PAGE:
Senator Prince Y. Johnson of Nimba County, notorious here for summary executions during the Liberian Civil War, has frowned at brutality by State security forces against peaceful citizens.
Johnson is the former leader of the disbanded rebels Independent National Patriotic Front of Liberia or INPFL that captured and mutilated President Samuel Kanyon Doe to death on September 6, 1990. He is listed by the Truth and Reconciliation Commission Final Report as one of the ex-warlords who committed heinous crimes in Liberia during the civil crisis.
But Johnson, a former Presidential candidate, said it is frustrating and terrifying that State security officers will develop the habit of beating on civilians only to demonstrate authority. Speaking during a public hearing on a bill seeking recreation of a new national police and Bureau of Immigration and Naturalization last week at the Capitol Building, PYJ, as he is affectionately called, said despite UNMIL drawdown plans here, the sector, which supposed to prepare for smooth takeover, is noted for consistently brutalizing peaceful citizens.
Johnson an advisor to the Senate Committee on National Defense, Security, Intelligence and Veteran Affairs, continuing said the worst part of it is that the Chief Executive, President Ellen Johnson Sirleaf, would appoint some mean doers to lucrative positions, making their victims to feel aggrieved and neglected.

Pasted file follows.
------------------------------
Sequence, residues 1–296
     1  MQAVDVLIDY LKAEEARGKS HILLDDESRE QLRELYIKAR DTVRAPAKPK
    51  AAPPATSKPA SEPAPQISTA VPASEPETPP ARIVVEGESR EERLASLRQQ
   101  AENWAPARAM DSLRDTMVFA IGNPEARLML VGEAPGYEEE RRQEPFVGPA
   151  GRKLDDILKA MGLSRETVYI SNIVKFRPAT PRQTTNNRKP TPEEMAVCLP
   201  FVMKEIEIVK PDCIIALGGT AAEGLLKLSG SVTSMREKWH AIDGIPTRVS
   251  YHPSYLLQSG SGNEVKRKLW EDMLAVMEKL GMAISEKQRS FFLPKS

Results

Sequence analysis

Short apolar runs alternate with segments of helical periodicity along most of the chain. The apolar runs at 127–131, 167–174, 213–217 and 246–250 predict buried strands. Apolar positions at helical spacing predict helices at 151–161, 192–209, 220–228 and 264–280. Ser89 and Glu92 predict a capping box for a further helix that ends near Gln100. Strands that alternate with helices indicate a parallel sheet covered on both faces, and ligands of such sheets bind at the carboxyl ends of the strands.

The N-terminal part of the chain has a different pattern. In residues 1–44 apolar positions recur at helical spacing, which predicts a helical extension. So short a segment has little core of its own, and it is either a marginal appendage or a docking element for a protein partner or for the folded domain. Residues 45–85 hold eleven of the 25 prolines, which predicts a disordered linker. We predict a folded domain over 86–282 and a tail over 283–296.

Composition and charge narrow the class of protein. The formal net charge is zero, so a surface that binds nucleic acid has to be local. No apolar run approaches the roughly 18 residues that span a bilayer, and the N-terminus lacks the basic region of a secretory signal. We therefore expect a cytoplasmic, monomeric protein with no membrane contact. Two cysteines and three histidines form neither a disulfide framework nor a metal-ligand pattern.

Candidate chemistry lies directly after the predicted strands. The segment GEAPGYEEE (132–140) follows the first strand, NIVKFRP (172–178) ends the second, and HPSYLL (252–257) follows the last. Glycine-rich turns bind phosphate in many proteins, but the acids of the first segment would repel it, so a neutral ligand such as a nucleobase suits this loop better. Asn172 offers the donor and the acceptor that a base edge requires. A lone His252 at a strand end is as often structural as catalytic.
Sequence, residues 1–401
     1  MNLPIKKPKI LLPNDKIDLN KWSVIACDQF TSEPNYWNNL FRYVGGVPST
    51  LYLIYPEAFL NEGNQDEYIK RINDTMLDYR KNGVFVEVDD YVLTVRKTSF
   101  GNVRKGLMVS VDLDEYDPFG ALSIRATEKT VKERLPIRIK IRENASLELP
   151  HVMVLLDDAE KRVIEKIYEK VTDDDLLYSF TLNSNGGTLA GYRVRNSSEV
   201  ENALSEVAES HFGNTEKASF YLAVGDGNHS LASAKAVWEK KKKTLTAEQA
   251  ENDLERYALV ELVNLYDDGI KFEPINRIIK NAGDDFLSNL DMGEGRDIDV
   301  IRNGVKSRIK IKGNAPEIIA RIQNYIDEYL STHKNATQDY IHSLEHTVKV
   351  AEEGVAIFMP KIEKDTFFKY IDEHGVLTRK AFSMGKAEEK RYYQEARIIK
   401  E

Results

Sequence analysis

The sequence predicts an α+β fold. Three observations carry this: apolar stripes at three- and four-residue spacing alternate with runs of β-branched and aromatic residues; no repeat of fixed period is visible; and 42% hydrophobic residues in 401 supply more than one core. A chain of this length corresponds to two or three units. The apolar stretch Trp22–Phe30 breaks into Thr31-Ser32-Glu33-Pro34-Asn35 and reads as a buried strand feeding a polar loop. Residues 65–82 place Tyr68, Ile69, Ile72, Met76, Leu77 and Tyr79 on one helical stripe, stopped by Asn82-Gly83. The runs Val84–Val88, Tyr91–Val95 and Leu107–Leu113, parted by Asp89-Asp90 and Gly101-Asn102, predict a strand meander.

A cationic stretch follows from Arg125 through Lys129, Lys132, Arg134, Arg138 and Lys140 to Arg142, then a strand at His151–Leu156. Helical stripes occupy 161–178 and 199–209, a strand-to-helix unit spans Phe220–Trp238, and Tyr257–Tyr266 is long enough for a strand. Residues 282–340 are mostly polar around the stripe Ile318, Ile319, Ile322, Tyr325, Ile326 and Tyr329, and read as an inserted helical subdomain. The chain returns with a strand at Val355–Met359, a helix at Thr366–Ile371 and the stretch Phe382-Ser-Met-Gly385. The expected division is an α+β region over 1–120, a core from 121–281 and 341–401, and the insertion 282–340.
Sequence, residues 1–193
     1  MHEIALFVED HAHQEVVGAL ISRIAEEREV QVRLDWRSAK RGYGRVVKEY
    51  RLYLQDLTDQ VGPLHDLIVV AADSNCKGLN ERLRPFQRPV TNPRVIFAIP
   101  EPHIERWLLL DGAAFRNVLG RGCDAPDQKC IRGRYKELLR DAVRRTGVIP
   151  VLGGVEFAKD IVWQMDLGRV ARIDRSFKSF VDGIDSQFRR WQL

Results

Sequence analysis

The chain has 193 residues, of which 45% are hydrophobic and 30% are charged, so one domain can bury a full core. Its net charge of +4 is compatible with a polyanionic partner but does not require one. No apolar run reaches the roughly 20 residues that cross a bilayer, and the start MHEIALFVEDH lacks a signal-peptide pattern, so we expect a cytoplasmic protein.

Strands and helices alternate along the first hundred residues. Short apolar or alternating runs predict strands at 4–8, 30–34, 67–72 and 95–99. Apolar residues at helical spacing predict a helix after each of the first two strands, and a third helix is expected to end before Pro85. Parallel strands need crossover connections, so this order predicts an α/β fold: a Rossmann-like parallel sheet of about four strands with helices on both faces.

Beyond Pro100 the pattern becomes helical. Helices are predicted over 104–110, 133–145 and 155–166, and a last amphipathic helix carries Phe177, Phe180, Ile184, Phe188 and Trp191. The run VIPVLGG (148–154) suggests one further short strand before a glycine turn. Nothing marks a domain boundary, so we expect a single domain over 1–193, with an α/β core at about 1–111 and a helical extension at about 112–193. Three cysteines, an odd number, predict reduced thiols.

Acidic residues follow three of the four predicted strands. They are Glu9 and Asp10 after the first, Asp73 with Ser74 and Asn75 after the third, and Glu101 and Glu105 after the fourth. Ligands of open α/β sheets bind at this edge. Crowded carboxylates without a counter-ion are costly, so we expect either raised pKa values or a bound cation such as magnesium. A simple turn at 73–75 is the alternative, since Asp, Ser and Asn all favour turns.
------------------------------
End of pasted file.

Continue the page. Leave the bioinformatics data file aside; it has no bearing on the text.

He said it has become habitual for State security officers to harm peaceful citizens and later get appointed to bigger positions in government, noting that these are some factors that cause citizens to rise against the government.
“It is worrying and terrifying that our security people will just beat on civilians only in name of showing power and being part of the regime. This is something that the President needs to work on, because the UN people will soon be out of here.
What happens to our people? The trust of the population will not be there and for peaceful society, security people need the trust and confidence of the people or else, the country may return to fearful stage,” Johnson said.
Since the inception of this administration, there have been about 26 major security brutalities against citizens and officials of government. On November 7, 2011, law enforcement agents clashed with supporters of the opposition Congress for Democratic Change (CDC), resulting to one confirmed death with several others injured.
In 2011, the Liberia National Police and Immigration officers occasionally subjected travellers to arbitrary searches and petty extortion at checkpoints. In July 2012, three police officers harassed and assaulted a woman in Thinker’s Village in Maryland County.
In 2010, Gator Doe was allegedly killed by ERU officers during a peaceful demonstration against SIFCA operation in Pleebo-Sodoken District, Maryland County.
By E. J. Nathaniel Daygbor – Edited by Jonathan Browne